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Glucocorticoids and breast cancer risk

The Original Article was published on 02 August 2021


Glucocorticoids are essential endogenous steroid hormones secreted in response to stress, and treatment with synthetic forms is widespread for numerous inflammatory conditions including asthma, chronic obstructive pulmonary disease, inflammatory bowel disease, and arthritis [1]. Emerging evidence suggests that glucocorticoids can exert both anti- and pro-inflammatory effects, modulated through suppressing or augmenting immune response [1]. Given these divergent biologic properties, glucocorticoids could theoretically reduce breast cancer risk via anti-inflammatory effects or could increase breast cancer risk and progression by inducing insulin resistance and promoting immunosuppression [2]. Yet, despite biological plausibility, epidemiologic studies of glucocorticoid use and breast cancer are limited.

New data

As such, the recent prospective cohort study by Cairat et al. [3] is an important contribution to the literature as an investigation into the potential role of glucocorticoids in breast cancer etiology. In this study, authors evaluated associations between glucocorticoid use and breast cancer risk among over 65,000 postmenopausal French women in the E3N cohort. Using linkage to outpatient health expenditures, authors observed that receipt of at least two reimbursements of systemic glucocorticoids was associated with a reduced risk of invasive breast cancer, which appeared to follow a dose-response trend with increasing number of reimbursements. The observed associations did not differ substantially by type of glucocorticoid, or by timing or duration of use. However, inverse associations were significant only among women older than 60 years at first use. In stratified analyses, the inverse associations were restricted to estrogen receptor (ER)-positive tumors, and stage I and II disease. Interestingly, authors also observed positive associations between glucocorticoids and risk of in situ breast cancer and stage III/IV breast cancer, although confidence intervals for these measures of association were wide given smaller numbers of cases. In sensitivity analysis, only recurrent users (not occasional users) were at higher risk of in situ or stage III or IV disease and only recurrent users were at lower risk of stage I or II breast cancer. The authors conclude that the association between systemic glucocorticoid use and breast cancer risk may differ by tumor subtypes and stage of disease.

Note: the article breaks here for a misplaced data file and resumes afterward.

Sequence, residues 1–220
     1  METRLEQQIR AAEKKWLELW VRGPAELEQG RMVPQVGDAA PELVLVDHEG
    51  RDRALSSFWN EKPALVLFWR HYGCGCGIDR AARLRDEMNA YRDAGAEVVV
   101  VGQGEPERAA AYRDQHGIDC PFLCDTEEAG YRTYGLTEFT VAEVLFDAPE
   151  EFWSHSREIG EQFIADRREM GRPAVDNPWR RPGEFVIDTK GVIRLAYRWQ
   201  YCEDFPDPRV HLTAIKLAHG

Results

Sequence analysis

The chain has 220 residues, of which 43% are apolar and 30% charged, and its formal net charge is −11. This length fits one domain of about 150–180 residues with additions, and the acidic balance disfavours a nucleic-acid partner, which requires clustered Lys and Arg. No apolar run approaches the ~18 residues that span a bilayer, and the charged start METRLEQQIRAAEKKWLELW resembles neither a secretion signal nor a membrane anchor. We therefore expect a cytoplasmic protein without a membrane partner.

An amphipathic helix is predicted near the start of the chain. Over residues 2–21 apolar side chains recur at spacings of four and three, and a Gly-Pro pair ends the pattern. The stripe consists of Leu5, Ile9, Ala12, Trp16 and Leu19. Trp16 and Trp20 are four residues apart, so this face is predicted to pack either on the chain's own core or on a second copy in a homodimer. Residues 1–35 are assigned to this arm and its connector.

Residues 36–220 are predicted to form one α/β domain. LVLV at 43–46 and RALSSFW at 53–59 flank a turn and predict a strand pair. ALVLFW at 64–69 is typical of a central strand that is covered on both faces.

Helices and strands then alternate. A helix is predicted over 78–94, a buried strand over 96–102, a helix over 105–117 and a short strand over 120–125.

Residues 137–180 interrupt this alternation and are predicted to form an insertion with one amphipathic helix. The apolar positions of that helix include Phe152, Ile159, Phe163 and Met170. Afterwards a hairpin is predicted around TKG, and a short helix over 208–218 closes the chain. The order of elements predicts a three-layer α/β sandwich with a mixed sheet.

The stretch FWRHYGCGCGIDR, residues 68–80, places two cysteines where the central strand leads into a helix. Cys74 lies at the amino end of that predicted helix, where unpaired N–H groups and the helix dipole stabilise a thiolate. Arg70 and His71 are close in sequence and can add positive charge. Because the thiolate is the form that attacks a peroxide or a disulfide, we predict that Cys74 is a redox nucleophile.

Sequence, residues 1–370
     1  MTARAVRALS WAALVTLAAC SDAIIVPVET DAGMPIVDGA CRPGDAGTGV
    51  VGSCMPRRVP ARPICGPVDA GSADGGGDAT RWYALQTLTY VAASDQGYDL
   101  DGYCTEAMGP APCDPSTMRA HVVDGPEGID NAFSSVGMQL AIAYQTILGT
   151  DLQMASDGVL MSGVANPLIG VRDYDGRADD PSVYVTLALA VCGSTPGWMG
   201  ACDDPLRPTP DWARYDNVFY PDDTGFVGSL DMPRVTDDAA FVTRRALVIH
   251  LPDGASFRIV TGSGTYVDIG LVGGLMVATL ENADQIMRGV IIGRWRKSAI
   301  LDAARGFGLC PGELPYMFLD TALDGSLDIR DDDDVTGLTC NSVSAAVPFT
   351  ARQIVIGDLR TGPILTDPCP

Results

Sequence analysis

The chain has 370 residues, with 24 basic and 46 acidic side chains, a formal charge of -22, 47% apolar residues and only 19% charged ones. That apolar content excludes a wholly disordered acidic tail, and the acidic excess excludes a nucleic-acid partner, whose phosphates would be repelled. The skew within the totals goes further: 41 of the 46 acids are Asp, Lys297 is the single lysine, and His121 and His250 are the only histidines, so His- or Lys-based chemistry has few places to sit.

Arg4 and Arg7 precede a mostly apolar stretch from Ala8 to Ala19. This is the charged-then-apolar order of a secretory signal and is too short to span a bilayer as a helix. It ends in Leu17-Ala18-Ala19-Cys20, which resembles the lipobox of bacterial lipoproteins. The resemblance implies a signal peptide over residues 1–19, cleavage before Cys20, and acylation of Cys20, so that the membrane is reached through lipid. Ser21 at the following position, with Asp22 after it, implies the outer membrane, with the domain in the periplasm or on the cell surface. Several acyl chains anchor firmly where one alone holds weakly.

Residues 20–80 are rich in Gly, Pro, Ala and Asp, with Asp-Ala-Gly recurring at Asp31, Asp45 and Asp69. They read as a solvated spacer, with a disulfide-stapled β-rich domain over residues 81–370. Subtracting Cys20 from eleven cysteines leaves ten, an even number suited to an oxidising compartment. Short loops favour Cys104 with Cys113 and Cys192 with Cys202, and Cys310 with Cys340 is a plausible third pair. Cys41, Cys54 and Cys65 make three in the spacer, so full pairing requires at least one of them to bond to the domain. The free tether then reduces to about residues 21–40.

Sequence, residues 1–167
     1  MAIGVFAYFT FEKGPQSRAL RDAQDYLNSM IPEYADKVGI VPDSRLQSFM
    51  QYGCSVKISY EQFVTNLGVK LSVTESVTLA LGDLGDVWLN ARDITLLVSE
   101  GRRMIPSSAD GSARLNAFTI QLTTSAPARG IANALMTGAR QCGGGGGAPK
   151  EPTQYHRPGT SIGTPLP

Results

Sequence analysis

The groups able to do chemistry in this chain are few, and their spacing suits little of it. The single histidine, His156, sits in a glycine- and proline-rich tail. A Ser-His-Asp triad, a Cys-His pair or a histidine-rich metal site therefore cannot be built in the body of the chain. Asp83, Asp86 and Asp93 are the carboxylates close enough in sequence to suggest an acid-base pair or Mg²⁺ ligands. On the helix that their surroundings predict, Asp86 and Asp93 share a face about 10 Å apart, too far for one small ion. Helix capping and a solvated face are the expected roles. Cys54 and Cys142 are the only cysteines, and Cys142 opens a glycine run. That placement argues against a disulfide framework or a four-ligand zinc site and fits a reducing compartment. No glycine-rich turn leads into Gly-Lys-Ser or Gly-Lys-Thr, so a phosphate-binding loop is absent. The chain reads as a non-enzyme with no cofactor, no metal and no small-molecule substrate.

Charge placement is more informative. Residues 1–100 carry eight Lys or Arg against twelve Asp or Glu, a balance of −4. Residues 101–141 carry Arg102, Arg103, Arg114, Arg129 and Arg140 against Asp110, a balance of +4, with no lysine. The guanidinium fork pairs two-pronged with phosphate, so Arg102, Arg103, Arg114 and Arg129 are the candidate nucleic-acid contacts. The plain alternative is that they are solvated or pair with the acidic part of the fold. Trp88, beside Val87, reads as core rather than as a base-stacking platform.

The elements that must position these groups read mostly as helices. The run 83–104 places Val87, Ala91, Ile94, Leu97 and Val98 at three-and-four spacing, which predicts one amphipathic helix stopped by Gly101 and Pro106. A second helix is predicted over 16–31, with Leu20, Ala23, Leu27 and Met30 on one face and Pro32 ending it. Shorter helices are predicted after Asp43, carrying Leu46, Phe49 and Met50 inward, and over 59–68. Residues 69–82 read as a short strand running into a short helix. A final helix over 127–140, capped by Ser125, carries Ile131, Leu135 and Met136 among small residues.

Unlike prior studies, Cairat et al. were able assess whether the associations of glucocorticoids and breast cancer differed according to hormone receptor status, histological subtype, tumor grade, and stage at diagnosis. This is particularly important given the various pharmacological properties of glucocorticoids and evidence for cross-talk between estrogen receptors and glucocorticoid receptors in mammary epithelial cells [4], which suggests that glucocorticoids could differentially impact breast cancer subtypes. An additional strength of this study was the inclusion of comprehensive information on potential confounders including body mass index, alcohol consumption, family history of breast cancer, and use of nonsteroidal anti-inflammatory medication; factors which were not considered in prior population registry-based studies in Denmark [5, 6] where no associations between receipt of glucocorticoid prescription and breast cancer risk were observed.